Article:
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Maternal Cadmium Levels during Pregnancy Associated with Lower Birth Weight in Infants in a North Carolina Cohort

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posted on 2014-10-06, 00:00 authored by Ellis Valentiner, Jill E. Johnston, Marie Lynn MirandaMarie Lynn Miranda, Pamela Maxson, Rebecca C. Fry
Cadmium (Cd) is a ubiquitous environmental contaminant, a known carcinogen, and understudied as a developmental toxicant. In the present study, we examined the relationships between Cd levels during pregnancy and infant birth outcomes in a prospective pregnancy cohort in Durham, North Carolina. The study participants (n = 1027) had a mean Cd level of 0.46 µg/L with a range of <0.08 to 2.52 µg/L. Multivariable models were used to establish relationships between blood Cd tertiles and fetal growth parameters, namely birth weight, low birth weight, birth weight percentile by gestational age, small for gestational age, pre-term birth, length, and head circumference. In multivariable models, high maternal blood Cd levels (≥0.50 µg/L) during pregnancy were inversely associated with birth weight percentile by gestational age (p = 0.007) and associated with increased odds of infants being born small for gestational age (p<0.001). These observed effects were independent of cotinine-defined smoking status. The results from this study provide further evidence of health risks associated with early life exposure to Cd among a large pregnancy cohort.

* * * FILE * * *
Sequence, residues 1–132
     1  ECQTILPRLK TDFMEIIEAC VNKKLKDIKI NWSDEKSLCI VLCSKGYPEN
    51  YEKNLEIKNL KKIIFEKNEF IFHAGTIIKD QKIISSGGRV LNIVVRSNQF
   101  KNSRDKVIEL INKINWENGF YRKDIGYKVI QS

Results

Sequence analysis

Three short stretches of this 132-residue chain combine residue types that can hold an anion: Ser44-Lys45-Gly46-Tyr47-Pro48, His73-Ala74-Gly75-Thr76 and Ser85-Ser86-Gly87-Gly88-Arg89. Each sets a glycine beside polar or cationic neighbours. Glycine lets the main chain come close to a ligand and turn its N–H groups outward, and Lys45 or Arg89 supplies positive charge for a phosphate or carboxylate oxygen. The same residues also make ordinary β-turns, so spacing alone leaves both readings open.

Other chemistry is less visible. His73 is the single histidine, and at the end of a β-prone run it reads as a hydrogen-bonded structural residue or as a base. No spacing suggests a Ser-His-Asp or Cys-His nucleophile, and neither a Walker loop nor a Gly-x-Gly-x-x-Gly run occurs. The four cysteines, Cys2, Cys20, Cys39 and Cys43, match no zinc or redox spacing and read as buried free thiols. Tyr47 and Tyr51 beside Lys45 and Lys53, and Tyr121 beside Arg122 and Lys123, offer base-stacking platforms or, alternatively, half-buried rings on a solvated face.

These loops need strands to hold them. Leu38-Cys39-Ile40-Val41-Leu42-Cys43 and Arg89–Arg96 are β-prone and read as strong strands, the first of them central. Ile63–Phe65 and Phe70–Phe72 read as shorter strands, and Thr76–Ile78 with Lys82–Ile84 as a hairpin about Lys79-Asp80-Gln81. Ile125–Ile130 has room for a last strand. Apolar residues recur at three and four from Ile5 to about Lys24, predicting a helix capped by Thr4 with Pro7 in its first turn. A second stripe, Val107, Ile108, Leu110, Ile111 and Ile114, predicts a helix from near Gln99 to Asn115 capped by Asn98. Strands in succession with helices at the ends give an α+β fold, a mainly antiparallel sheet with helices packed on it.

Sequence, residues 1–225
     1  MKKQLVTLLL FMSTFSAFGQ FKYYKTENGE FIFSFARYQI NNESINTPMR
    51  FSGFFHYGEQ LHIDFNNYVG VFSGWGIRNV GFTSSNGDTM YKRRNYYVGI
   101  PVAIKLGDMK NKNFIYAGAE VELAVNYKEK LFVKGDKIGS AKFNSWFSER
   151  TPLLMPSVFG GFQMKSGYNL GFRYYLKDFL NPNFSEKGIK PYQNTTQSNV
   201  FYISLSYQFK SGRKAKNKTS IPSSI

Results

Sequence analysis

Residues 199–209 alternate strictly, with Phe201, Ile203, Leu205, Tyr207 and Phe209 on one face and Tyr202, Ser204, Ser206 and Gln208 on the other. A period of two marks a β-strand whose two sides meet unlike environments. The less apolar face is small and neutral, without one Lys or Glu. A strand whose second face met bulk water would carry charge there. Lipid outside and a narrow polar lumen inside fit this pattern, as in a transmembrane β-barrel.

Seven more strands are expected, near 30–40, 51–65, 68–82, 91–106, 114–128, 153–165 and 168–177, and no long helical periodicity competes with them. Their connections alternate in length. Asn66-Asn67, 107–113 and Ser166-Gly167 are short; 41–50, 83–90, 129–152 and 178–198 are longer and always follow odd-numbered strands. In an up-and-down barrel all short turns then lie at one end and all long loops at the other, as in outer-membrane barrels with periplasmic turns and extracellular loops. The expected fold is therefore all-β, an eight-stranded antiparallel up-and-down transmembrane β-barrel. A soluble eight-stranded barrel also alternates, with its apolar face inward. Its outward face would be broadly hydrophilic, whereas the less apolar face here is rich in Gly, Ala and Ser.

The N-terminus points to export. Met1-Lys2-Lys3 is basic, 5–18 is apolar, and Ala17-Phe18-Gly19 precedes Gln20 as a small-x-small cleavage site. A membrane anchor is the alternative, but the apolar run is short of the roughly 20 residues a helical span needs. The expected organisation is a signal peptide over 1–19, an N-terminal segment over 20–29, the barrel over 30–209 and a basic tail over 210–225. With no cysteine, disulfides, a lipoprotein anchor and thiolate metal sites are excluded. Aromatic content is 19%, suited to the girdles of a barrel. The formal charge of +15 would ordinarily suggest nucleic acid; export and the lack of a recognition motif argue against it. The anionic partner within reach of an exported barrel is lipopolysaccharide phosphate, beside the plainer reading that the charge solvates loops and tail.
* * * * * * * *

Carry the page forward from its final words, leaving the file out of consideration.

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2022-09-23

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PLOS

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